F. B[ailey] Millard
Dear Mr. Muir:
I suppose you received the message sent in the Martinez correspondent of the "Examiner". To send such a message in such an abrupt business way is as embarrassing as it is to receive it; that I didn't like to use the same old picture of you that has been used so often and which I first printed when I was city editor of the Call, years ago. The Markham review came and
it more than meets my demands upon the po[illegible]t for "eloquence". I asked him to be as eloquent as he could and he has used large [illegible]ds of language, dipping his pen into all the colors of the Yellowstone, so vividly described by you in the [illegible]. It is a fine tribute of one forceful, natural [illegible] to [illegible]. So prepare your deepest and most spontaneous blushes for a week from Sunday. Keith's "[illegible] of the Merced" has just been exposed to public view here in the E[illegible]porium, in rather
a bad light - too garish for the rather s[illegible]ber subject, as trea[illegible]d by him. But the pure poetry of his mountain peaks is something to rave over. Still you would know best how much [reason?] a person should [lose?] while viewing it. Until you have seen the picture, however, and I have heard from you on the subject, I shall continue to rave. I sent Keith a little cry of delight over the painting to-day, and don't yet feel ashamed of my rhapsody.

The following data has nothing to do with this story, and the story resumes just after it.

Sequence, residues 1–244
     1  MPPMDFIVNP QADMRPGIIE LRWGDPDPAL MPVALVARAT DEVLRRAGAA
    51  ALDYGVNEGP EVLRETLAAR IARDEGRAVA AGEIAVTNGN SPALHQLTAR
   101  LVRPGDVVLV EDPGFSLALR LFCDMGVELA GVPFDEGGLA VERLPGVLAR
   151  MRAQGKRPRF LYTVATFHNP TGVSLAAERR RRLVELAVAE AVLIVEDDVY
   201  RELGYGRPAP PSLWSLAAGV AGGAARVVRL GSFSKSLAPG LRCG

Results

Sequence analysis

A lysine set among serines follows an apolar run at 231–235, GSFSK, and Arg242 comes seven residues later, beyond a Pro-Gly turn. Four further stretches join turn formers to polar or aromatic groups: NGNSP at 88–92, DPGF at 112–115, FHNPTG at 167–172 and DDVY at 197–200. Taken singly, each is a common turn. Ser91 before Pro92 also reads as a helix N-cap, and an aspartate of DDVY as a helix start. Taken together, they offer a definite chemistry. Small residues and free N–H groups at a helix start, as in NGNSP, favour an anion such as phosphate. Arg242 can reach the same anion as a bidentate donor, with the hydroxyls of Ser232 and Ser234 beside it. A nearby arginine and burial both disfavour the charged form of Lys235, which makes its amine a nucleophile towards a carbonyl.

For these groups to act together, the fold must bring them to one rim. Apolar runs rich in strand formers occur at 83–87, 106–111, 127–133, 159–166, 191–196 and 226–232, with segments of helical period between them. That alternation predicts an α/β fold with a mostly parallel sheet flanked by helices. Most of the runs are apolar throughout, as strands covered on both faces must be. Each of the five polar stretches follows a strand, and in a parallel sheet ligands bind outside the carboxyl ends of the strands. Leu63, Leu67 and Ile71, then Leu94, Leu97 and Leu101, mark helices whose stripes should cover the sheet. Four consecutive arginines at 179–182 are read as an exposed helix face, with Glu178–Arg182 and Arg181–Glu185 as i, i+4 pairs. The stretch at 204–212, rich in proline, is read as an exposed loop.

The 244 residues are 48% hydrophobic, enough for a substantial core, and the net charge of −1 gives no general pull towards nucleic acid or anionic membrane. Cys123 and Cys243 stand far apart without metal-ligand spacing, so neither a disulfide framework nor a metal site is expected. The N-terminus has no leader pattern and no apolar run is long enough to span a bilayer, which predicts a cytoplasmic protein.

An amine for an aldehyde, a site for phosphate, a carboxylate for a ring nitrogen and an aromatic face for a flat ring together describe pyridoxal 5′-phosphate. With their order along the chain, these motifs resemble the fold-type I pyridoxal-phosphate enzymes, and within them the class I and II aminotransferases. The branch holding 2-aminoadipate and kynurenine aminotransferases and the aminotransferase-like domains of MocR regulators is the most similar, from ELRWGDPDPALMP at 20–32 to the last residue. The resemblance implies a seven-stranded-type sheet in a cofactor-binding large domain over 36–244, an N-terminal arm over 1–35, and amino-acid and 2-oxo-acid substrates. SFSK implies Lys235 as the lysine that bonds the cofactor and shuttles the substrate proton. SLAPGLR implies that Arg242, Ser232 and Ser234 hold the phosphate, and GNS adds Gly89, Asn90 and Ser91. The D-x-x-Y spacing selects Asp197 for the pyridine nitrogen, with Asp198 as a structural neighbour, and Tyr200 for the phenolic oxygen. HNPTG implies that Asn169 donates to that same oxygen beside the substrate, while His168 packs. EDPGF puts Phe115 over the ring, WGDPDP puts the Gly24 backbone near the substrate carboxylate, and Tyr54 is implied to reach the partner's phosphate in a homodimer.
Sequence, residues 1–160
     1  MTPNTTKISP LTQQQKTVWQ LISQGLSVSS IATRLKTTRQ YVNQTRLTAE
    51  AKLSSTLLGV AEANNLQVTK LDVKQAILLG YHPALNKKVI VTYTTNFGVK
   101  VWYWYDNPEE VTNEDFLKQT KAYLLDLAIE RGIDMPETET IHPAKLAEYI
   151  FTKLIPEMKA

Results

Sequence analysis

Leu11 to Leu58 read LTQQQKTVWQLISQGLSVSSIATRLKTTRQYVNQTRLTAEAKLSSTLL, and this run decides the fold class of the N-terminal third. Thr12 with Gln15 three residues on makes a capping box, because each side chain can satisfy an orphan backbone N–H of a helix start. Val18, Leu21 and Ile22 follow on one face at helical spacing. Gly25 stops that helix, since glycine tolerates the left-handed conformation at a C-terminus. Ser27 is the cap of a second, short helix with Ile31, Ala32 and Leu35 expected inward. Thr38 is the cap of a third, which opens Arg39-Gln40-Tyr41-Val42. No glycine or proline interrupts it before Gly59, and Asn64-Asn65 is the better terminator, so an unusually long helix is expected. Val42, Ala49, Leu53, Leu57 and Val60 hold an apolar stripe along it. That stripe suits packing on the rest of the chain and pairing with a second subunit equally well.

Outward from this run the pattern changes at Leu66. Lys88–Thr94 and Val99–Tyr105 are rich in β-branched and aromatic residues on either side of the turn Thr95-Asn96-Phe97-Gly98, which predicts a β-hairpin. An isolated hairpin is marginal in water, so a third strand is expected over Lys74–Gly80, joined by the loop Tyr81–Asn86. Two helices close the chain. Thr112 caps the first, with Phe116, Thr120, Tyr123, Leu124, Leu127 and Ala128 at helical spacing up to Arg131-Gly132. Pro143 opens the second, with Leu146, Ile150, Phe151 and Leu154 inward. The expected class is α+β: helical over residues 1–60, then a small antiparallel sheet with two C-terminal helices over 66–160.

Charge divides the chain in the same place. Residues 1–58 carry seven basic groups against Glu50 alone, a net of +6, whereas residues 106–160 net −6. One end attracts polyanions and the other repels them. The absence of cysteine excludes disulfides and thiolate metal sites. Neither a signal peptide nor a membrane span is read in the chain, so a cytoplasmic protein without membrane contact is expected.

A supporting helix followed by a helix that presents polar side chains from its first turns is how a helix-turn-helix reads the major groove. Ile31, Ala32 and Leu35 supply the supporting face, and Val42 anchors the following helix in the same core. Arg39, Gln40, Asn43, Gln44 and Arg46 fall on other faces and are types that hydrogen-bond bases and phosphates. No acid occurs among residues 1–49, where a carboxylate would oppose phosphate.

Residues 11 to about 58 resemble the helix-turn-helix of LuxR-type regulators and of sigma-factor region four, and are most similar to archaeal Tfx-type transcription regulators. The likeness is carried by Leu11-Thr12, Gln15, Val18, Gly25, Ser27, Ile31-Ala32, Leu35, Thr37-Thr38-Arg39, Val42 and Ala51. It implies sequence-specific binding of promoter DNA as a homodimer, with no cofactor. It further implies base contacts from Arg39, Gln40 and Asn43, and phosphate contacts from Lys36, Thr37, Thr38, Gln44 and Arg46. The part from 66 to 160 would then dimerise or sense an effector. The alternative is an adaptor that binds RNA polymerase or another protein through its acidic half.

I hope you liked the Markham book. You didn't say that you received it. My best friend, Charles Ferguson, [illegible] of "the Religion of Democracy," who preaches the doctrine of out-of-doors, wrote me the other day of the Markham book, saying "It will do much to abate the world - nuisance of intellectual cleverness and moral meanness." So good this seemed to me that I quote it for you. In truth it seems to the subscriber that intellectual cleverness, as we see it in print and speech to-day is a very nuisance, needing sorely to be abated. Do you know what I like best in "National Parks?" Yellowstone [illegible], that fine touch on the sugar pine, the mountain fires and the meeting with Emerson.
Yours as ever,
F. B. Millard.
Original letter dimensions: 27.5 x 21 cm.
Millard, F. Bailey, "Letter from F. B[ailey] Millard to John Muir, [ca. 1902 Jan ?]." (1902). John Muir Correspondence (PDFs). 4605.
Reel 12, Image 0179
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